Today marks another installment of a new weekly blog series titled Workshop Wednesday. Each Wednesday will feature either a tutorial by yours truly or another talented artist or artisan, or a snapshot of an artist's creative process. This week's Workshop Wednesday features Jen of McGuinness Photography, and I'm super-excited about her Photoshop tutorial "How To Tone Your Photos In Photoshop."
How To Tone Your Photos In Photoshop
Here is a quick technique you can use to tweak the colors of your photos. This is particularly helpful if you've underexposed an image or it's a cloudy day.
This is a test shot before a photo shoot of the lovely Mimi. It was cloudy outside so the colors are not as sharp as they could be. Her mouth and nose especially are very dark.
First I'm going to set the black and white values of my Levels. (In Photoshop, go to “Image” ‐‐> “Adjustments” ‐‐> “Levels”.) Photoshop will preload levels for you. You can change the values by double clicking on the black or white eyedropper. Let's start with black. I set my RGB values to "10" for each one. Then click OK.
Now double click on the white eyedropper.
I set my RGB values to "245" for each one. Then click OK. You'll be left with the levels window. Click OK to close. Now there is one more step to take. Go to Window‐‐> Layers.
A new box will show on your screen. Right click on the ying‐yang image at the bottom of this box. Select "Threshold."
Your image will turn to black and white.
Now when you slide the little arrow to the right, your image will turn to black. In my case, a little bit of white remains. This is the brightest part of my photograph. (If no white appears for your image, slowly move the arrow back to the left until the first white shows in your photo.)
When you move your mouse to go over your photo, a little eye dropper will appear. Hold down the Shift key and click on that white space. This will leave a cross hair on your image as a marker for later, as seen in the next example.
Now you'll do the same to find the darkest part of your photograph. Slide the little arrow to the right. Your photo will turn white. Now slowly move your arrow back to the left until something black appears.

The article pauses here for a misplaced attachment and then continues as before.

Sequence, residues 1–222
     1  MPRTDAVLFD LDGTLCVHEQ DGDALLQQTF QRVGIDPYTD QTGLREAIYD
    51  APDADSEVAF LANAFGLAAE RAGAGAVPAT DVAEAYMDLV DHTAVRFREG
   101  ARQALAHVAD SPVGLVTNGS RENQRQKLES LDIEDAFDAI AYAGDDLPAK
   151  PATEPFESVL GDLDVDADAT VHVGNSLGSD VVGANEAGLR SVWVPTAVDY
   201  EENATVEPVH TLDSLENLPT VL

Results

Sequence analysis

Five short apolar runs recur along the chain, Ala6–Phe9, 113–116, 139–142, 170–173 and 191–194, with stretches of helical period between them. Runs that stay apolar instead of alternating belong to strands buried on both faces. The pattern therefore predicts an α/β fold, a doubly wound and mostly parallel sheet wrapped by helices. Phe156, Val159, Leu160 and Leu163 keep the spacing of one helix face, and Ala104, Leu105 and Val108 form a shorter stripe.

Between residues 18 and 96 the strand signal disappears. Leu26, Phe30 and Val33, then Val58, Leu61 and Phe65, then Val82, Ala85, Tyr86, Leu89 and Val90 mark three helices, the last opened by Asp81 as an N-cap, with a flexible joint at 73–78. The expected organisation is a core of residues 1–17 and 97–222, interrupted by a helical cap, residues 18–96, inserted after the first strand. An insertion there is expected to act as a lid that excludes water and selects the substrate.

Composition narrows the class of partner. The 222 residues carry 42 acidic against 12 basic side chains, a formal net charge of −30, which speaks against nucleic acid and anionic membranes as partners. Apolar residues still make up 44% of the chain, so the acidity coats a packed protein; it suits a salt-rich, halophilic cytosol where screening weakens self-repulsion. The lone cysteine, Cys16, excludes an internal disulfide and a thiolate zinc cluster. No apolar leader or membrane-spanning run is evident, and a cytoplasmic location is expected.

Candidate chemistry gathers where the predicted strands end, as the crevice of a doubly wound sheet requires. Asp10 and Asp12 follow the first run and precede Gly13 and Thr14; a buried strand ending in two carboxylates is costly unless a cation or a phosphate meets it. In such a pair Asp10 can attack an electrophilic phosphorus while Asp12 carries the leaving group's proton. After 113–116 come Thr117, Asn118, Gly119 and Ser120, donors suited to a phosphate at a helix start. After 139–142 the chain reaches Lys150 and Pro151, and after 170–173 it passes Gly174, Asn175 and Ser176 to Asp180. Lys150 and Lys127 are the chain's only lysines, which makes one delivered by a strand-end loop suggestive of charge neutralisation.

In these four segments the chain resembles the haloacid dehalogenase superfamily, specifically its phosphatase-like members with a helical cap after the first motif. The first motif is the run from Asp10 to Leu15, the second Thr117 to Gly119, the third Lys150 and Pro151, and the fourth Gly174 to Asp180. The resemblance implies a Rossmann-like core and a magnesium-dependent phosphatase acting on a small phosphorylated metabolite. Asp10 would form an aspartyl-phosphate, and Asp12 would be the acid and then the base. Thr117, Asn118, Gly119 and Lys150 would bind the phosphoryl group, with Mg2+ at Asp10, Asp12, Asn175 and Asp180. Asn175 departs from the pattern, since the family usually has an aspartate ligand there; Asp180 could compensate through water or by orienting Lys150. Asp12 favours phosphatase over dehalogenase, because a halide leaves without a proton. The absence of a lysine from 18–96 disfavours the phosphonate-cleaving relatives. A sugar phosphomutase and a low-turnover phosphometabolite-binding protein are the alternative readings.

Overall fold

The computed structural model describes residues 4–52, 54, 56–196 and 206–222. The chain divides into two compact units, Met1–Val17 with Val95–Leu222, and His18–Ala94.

Move your mouse to that part of the photo and hold down the Shift Key and click. Now you will have another cross hatch. When you are finished, click OK.
Now that we're done using the "Threshold" feature, you can go into your Layers box and delete it.
Click and hold that layer and drag it into the trash can icon.
Now you'll have your photo back. Go back to "Levels" by going to "Image" ‐‐> "Adjustments" ‐‐> "Levels" and the Levels box will come up.
Now click on the black eye dropper and find your cross hair (in this case, it will show as cross hair 2 on my photo).
Click on that space. Your image should change in tonal values (also notice how the Levels graph changes after you click).
Now you just need to tone the highlight.
Click on the white eyedropper and then click on your first cross hair.
When finished, click OK.
The cross hairs will still show on your image but will not show when you go to print your photo.
If you still want to play with your image, you can do other things in Photoshop, such as playing with Curves ("Image" ‐‐> "Adjustments" ‐‐> "Curves").
In here you can also play with how dark or bright the photo is by moving the graph up and down.
Thank you to Allover Art for inviting me to do this feature! I hope you find the above tutorial helpful! :)
Please be sure to check out Jen's work in her Etsy shop, McGuinness Photography! You can also find Jen in her other Etsy shop Fairy Crystals, in her Artfire Shop, and on her blog. Are you on Twitter? Check Jen out at username JMCPhoto. If you're interested in being featured in future Workshop Wednesday segments, please feel free to convo me in my Etsy shop or email me. Have a wonderful day!